22. The resonator type muffler of claim 19, the primary inductor tube being longer than said sound inductor tube and effective for lower frequencies.
23. The resonator type muffler of claim 19, further including means defining a third chamber downstream of the wall at the end of the second chamber, in communication with said sound inductor tube, with an outlet connecting the third chamber to the atmosphere.
24. The resonator type muffler of claim 23, further including spark arrestor means associated with the third chamber, for collecting hot particles from the exhaust stream and preventing their passage out to the atmosphere.
25. The resonator type muffler of claim 19, wherein the housing is tapered from a smaller end at its inlet to a larger end at its outlet.
26. The resonator type muffler of claim 19, wherein each inductor tube includes flow diffuser means at its outlet end for reducing flow resistance where high-velocity gases in the first inductor tube decelerate into the second chamber.
27. The resonator type muffler of claim 26, said flow diffuser means comprising a flare or taper at the downstream end of each inductor tube, extending to a larger opening area at the outlet end.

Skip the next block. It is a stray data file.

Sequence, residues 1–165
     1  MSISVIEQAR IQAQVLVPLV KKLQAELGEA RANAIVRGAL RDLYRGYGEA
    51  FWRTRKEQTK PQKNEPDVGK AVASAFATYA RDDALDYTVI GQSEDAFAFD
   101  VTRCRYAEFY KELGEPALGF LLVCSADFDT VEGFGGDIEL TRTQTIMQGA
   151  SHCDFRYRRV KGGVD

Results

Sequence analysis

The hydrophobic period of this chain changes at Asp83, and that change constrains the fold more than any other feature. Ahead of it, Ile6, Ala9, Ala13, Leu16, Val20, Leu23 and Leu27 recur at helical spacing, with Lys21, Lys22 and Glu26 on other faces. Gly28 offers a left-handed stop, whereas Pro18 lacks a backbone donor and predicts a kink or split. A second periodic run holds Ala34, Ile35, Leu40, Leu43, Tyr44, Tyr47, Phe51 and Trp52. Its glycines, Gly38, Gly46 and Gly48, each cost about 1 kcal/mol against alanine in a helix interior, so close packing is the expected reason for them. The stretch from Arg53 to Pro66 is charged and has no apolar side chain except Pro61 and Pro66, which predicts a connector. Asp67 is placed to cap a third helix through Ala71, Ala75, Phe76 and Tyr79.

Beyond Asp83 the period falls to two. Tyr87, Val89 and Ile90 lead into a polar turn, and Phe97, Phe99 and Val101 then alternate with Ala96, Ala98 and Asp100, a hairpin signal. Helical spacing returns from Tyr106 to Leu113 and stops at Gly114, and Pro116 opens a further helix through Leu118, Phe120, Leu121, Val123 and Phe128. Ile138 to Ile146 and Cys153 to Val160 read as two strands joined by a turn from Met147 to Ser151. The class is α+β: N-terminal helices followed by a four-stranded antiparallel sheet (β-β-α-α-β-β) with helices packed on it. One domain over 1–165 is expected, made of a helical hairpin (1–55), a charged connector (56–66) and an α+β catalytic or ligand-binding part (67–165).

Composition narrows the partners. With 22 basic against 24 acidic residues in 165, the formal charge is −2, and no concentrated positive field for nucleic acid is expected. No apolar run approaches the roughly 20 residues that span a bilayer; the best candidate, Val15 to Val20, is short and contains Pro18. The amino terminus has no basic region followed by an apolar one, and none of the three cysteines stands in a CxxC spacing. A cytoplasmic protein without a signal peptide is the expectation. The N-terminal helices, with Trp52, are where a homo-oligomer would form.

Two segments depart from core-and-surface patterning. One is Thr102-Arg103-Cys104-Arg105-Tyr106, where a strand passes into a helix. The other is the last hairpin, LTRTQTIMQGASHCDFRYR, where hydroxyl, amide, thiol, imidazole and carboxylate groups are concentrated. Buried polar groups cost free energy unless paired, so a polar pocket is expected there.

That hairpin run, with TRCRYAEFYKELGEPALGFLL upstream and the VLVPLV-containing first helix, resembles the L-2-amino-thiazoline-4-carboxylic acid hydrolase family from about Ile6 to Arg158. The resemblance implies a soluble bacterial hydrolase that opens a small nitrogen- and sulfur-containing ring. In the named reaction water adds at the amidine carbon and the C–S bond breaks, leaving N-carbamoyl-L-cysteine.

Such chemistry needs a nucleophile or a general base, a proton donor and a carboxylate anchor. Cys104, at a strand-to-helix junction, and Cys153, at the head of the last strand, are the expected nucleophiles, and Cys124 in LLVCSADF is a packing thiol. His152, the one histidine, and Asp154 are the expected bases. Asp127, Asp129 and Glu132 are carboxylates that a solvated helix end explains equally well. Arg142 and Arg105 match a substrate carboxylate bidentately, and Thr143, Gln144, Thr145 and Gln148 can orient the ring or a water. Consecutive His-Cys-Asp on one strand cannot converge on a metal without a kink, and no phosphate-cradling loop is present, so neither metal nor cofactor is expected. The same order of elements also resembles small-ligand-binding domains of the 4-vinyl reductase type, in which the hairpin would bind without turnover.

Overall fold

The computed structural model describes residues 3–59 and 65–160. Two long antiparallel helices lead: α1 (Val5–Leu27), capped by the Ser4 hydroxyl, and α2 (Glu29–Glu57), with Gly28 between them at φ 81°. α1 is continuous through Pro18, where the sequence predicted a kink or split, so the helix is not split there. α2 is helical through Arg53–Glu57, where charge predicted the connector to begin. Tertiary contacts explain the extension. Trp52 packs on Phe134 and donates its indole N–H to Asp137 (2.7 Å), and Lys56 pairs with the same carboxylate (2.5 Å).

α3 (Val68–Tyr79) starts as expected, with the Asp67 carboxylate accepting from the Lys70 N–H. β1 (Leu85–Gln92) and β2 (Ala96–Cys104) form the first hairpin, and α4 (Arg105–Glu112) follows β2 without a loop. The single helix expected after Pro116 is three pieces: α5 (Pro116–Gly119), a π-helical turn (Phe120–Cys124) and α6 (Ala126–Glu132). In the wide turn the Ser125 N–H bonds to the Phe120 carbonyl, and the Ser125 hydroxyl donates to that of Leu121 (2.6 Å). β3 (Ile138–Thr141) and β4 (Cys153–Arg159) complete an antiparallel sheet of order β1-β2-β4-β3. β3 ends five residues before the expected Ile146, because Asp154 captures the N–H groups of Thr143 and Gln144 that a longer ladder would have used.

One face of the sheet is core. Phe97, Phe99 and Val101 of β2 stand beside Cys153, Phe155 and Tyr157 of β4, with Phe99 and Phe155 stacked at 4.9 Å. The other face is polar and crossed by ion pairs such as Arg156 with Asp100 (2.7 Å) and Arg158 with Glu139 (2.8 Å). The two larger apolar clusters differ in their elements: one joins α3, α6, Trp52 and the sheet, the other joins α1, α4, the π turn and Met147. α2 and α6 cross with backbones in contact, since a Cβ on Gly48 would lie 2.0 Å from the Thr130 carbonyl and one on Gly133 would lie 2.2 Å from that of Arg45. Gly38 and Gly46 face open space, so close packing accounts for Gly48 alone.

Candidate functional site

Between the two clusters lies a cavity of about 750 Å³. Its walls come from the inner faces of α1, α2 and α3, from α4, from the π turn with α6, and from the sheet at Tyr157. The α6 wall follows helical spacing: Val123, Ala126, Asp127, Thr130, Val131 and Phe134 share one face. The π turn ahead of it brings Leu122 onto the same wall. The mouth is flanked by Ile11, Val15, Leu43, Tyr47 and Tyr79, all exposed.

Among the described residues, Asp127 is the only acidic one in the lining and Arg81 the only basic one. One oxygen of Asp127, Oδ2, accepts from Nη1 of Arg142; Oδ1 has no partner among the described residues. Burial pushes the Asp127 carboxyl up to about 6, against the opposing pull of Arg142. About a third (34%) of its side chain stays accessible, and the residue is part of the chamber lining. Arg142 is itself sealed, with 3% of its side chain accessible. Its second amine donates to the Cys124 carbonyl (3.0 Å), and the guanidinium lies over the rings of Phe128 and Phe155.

28. The resonator type muffler of claim 19, wherein said distance is about 3/4 inch.
29. The resonator type muffler of claims 1, 19 or 20, wherein the length of each said sound inductor tube is about one-eighth the wavelength of the predominant frequency to be attenuated.
30. The resonator type muffler of claim 27, each said sound inductor tube having an effective diffusion rate of between about 10° and about 15°.
31. The resonator type muffler of claim 19, wherein the primary inductor tube has a length of about one-fourth the wavelength of the predominant frequency to be attenuated.
32. The resonator type muffler of claim 19, wherein the primary chamber has a volume of at least about five times the displacement of a cylinder of the engine.
33. The resonator type muffler of claim 32, wherein the first chamber is of about the same volume as the primary chamber.
34. The apparatus of claim 1, wherein the chamber divider includes a multiplicity of holes comprising about 1% of the area of the chamber divider.
35. The apparatus of claim 34, wherein said holes are between about 1/16" and 3/16" in diameter.
36. The apparatus of claim 2, 3, 5, 6, 8, 9, or 10, wherein the chamber divider includes a multiplicity of small holes.
37. A resonator type muffler for an internal combustion engine, comprising:
an elongated housing having an inlet and an outlet;
a chamber divider extending generally transversely across the interior of the housing to define a first chamber in communication with the housing's inlet, upstream of the divider, and a second chamber downstream of the divider;
at least one sound inductor tube extending longitudinally in the housing through the chamber divider, with an outlet end in the first chamber and an outlet extending into the second chamber; and
a wall forming a downstream end of the second chamber, with an opening;